In terms of its wide cultural impact across society in the US and elsewhere, Bill Haley’s “Rock Around the Clock”,[recorded in April 1954 but not a commercial success until the following year, is generally recognized as an important milestone, but it was preceded by many recordings from earlier decades in which elements of rock and roll can be clearly discerned.
Other artists with early rock and roll hits included Chuck Berry, Bo Diddley, Little Richard, Jerry Lee Lewis, and Gene Vincent. Chuck Berry’s 1955 classic “Maybellene” in particular features a distorted electric guitar solo with warm overtones created by his small valve amplifier.
However, the use of distortion was predated by electric blues guitarists such as Joe Hill Louis, Guitar Slim, Willie Johnson of Howlin’ Wolf’s band, and Pat Hare; the latter two also made use of distorted power chords in the early 1950s
Also in 1955, Bo Diddley introduced the “Bo Diddley beat” and a unique electric guitar style,[ influenced by African and Afro-Cuban music and in turn influencing many later artists.
Rockabilly” usually (but not exclusively) refers to the type of rock and roll music which was played and recorded in the mid-1950s primarily by white singers such as Elvis Presley, Carl Perkins, Johnny Cash, and Jerry Lee Lewis, who drew mainly on the country roots of the music. Many other popular rock and roll singers of the time, such as Fats Domino and Little Richard, came out of the black rhythm and blues tradition, making the music attractive to white audiences, and are not usually classed as “rockabilly”.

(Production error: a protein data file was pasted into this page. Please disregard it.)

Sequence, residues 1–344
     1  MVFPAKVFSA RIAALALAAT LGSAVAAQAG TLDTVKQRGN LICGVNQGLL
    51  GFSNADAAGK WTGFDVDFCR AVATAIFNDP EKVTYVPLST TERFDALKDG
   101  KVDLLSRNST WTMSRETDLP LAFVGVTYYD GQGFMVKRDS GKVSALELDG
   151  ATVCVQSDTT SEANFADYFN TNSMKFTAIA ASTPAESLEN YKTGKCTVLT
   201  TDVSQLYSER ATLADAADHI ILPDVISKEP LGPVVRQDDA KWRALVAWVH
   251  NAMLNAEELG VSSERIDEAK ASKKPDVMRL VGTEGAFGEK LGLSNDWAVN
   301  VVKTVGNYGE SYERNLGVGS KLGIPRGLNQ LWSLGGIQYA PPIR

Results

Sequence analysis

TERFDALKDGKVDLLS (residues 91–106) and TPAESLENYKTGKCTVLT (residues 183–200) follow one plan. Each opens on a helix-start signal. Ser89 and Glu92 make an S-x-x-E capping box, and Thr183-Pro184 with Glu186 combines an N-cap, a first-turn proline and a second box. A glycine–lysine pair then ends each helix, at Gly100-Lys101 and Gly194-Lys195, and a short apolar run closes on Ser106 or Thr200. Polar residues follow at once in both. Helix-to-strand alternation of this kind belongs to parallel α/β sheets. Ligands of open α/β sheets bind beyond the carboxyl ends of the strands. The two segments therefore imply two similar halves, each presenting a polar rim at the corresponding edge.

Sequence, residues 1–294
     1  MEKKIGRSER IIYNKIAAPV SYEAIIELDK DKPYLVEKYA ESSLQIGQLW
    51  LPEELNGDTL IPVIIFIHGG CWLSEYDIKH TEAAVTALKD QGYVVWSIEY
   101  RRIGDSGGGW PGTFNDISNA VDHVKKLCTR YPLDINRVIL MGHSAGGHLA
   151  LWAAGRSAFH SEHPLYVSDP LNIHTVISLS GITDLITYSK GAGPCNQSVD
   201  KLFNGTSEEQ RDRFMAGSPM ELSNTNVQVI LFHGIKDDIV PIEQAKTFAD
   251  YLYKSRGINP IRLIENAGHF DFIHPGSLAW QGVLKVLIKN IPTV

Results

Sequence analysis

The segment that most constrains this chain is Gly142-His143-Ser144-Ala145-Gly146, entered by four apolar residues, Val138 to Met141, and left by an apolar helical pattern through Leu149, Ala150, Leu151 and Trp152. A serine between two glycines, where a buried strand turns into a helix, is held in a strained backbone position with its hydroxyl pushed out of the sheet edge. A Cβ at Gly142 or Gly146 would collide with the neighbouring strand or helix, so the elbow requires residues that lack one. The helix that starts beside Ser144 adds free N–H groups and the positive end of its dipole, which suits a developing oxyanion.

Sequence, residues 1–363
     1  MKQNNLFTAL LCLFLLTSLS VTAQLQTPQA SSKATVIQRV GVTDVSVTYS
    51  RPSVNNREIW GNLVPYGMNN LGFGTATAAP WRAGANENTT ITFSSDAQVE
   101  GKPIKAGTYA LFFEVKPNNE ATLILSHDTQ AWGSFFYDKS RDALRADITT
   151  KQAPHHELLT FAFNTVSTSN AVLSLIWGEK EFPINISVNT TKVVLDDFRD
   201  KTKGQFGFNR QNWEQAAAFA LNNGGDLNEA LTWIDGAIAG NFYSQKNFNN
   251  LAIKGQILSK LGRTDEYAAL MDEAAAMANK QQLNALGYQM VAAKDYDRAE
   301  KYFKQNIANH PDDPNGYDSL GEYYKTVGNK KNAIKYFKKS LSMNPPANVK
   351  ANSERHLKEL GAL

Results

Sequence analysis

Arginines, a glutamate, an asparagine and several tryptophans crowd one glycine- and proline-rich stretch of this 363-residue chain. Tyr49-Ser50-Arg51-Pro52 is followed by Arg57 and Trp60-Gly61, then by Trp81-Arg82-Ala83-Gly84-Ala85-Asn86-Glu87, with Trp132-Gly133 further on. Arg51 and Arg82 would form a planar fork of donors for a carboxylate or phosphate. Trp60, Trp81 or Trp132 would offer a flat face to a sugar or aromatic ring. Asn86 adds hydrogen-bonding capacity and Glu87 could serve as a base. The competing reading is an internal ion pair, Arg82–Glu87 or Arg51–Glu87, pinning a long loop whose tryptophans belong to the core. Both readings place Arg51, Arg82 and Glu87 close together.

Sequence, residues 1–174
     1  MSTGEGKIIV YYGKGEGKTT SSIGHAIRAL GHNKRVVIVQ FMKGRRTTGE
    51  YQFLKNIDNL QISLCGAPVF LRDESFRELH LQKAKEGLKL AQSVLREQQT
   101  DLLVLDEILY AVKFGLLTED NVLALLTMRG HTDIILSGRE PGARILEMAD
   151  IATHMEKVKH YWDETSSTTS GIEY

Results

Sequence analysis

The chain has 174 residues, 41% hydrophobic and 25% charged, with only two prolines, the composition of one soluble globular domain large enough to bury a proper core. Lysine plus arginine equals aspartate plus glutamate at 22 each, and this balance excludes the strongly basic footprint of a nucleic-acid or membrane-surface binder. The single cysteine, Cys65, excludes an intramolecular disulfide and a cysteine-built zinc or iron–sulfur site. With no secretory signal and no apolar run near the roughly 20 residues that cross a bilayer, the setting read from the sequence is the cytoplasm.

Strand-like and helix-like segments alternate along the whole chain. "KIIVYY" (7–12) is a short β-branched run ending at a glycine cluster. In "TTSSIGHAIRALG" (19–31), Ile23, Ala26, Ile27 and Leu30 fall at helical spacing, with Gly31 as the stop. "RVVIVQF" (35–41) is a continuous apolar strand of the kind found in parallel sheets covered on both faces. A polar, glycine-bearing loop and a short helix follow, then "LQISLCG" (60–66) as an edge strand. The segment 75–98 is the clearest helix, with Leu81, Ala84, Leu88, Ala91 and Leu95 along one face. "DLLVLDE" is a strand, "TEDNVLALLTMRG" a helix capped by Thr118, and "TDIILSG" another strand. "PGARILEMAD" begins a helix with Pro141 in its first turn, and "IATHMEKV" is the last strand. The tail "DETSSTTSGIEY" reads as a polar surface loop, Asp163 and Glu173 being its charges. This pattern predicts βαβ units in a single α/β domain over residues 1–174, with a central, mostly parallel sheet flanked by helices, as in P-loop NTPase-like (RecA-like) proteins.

Bill Flagg who is a Connecticut resident, began referring to his mix of hillbilly and rock ‘n’ roll music as rockabilly around 1953. His song “Guitar Rock” is considered as classic rockabilly.
In July 1954, Elvis Presley recorded the regional hit “That’s All Right” at Sam Phillips’ Sun Studio in Memphis.Three months earlier, on April 12, 1954, Bill Haley & His Comets recorded “Rock Around the Clock”. Although only a minor hit when first released,